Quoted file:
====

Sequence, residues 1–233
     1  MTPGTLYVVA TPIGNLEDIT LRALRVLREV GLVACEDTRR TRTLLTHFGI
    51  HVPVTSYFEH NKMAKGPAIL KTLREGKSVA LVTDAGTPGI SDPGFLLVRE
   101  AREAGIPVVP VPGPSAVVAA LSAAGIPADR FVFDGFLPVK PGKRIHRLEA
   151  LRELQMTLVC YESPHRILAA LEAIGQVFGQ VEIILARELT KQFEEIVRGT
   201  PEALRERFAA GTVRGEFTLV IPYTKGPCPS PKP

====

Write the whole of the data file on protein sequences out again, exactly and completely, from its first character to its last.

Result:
Sequence, residues 1–233
     1  MTPGTLYVVA TPIGNLEDIT LRALRVLREV GLVACEDTRR TRTLLTHFGI
    51  HVPVTSYFEH NKMAKGPAIL KTLREGKSVA LVTDAGTPGI SDPGFLLVRE
   101  AREAGIPVVP VPGPSAVVAA LSAAGIPADR FVFDGFLPVK PGKRIHRLEA
   151  LRELQMTLVC YESPHRILAA LEAIGQVFGQ VEIILARELT KQFEEIVRGT
   201  PEALRERFAA GTVRGEFTLV IPYTKGPCPS PKP